Synopses & Reviews
Pete Axthelm follows the 1969-70 season of the New York Knicks and provides a parallel focus on basketball as it was then played in the black neighborhoods of New York City. Throughout, he writes clearly, intelligently, and passionately about the game, bringing alive the players efforts, accomplishments, and failures.
"The best description of basketball played in New York City streets during the sixties and seventies."—Bill Bradley, The New Yorker Bill Bradley
"Superb . . . [Axthelm] combines Knick history, player backgrounds, seasonal anecdotes and court triumphs with another phenomenon—city basketball in the crowded ghettoes of the nation. The areas he focuses on primarily are the asphalt playgrounds of Harlem and Bedford Stuyvesant. There basketball has its special code of behavior, its pecking order and its own culture heroes. . . . A few city playground aces have made it to college . . . , and a few have found an escape route to the Harlem Globetrotters or the Eastern League. But many others have become strung out on poverty or drugs or have been imprisoned. . . . The book offers absorbing insights into the most unique and gripping of all city sports."—Rex Lardner, New York Times The New Yorker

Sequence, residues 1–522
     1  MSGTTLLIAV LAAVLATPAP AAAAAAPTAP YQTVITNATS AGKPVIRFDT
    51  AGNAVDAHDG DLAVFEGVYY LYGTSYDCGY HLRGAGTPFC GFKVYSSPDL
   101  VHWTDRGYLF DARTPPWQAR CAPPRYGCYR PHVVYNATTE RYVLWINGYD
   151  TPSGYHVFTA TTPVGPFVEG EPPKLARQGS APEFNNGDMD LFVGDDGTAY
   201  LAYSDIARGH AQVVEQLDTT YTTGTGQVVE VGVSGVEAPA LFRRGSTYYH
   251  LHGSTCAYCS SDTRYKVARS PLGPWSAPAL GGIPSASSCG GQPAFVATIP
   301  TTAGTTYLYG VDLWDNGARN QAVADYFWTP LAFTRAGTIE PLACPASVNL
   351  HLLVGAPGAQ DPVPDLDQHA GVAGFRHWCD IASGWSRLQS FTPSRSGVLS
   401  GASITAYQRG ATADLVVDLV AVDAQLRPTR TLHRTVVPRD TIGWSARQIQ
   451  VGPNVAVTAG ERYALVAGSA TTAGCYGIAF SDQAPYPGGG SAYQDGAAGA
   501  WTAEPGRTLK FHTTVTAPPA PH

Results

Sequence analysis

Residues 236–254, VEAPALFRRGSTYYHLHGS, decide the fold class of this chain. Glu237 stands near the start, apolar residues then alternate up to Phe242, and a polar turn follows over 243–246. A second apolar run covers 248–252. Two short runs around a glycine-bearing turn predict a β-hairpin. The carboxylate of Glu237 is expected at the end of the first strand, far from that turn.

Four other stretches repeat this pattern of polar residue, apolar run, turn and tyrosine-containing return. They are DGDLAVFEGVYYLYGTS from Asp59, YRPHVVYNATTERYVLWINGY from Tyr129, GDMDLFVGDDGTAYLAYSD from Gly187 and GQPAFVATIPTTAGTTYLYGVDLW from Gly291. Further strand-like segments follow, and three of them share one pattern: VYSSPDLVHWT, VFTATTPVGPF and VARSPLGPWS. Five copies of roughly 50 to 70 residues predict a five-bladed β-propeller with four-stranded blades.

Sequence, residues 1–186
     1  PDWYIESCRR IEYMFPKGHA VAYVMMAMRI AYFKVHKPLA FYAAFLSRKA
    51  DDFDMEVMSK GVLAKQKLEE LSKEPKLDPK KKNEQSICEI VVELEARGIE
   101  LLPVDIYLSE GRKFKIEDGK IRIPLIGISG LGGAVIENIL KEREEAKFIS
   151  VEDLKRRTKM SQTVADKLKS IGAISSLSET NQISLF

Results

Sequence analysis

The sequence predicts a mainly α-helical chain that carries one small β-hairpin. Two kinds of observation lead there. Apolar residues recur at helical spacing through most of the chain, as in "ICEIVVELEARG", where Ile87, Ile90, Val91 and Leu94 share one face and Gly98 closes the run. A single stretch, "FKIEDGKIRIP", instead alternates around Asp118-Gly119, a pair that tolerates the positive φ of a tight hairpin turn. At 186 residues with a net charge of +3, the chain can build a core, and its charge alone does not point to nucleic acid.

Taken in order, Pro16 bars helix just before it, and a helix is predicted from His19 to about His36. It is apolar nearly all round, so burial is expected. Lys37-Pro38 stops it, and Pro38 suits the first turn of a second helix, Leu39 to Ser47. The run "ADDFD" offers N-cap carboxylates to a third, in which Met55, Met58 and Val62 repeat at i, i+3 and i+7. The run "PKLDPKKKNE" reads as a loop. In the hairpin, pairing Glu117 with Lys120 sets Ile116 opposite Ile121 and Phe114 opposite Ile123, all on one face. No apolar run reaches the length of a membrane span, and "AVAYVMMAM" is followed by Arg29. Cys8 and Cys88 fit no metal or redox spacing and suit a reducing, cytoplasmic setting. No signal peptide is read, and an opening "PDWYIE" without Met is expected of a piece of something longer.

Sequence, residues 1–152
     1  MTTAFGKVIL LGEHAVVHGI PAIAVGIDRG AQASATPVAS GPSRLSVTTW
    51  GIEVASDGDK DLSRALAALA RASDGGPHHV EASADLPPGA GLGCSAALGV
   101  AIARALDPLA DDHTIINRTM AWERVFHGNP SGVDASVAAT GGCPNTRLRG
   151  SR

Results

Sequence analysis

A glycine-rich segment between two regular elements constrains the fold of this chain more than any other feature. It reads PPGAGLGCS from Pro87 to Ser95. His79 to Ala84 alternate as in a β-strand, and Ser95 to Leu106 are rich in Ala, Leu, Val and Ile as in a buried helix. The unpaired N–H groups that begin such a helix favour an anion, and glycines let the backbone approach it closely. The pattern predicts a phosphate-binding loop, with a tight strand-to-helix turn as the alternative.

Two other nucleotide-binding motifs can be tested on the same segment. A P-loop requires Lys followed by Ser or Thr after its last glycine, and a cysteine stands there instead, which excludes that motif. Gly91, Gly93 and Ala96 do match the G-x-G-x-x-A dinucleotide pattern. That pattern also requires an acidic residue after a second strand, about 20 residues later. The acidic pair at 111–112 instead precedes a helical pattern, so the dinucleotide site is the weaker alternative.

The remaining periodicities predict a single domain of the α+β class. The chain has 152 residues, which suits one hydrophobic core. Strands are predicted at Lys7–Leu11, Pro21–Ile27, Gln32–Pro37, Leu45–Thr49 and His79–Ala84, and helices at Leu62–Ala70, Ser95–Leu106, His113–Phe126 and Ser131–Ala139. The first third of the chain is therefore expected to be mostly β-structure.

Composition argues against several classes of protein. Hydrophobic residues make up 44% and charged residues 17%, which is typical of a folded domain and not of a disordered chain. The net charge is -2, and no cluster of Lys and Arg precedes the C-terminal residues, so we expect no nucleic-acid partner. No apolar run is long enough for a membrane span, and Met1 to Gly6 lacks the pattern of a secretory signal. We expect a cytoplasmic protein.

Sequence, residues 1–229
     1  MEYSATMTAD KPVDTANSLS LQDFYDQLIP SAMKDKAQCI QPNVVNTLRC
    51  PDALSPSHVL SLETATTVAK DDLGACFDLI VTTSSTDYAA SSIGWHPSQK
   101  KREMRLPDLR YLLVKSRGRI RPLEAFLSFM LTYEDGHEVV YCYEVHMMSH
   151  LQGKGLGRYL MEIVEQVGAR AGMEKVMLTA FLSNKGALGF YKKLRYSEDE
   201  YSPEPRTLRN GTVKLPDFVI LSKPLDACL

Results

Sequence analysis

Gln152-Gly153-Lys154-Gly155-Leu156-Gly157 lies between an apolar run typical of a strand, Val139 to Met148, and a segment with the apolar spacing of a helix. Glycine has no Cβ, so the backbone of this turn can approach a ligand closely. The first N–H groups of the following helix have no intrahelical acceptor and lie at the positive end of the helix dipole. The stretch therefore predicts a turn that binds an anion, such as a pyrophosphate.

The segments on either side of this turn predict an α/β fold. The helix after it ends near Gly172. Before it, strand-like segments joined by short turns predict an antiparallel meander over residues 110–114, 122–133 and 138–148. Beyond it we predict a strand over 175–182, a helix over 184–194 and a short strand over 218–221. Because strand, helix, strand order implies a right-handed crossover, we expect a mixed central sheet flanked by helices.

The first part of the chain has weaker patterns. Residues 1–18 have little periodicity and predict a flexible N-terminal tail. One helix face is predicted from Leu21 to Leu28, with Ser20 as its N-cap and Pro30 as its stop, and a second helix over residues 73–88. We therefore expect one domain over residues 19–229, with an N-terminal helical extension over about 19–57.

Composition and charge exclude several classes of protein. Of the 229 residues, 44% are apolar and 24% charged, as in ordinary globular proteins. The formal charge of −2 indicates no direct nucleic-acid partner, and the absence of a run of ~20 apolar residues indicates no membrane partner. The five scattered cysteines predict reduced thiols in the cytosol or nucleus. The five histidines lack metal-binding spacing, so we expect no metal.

"The best description of basketball played in New York City streets during the sixties and seventies."-Bill Bradley, The New Yorker.
(Bill Bradley, The New Yorker)
"The master prose stylist portrays parallel basketball worlds in New York City: Madison Square Garden, where the Knicks won the 1969-1970 championship, and the playgrounds of Harlem, where stars such as Earl (the Goat) Manigault burned brightly but too briefly."—Sports Illustrated Sports Illustrated
About the Author
Pete Axthelm was an editor for Newsweek. Rick Telander is a sports columnist for the Chicago Sun-Times and a writer for ESPN Magazine.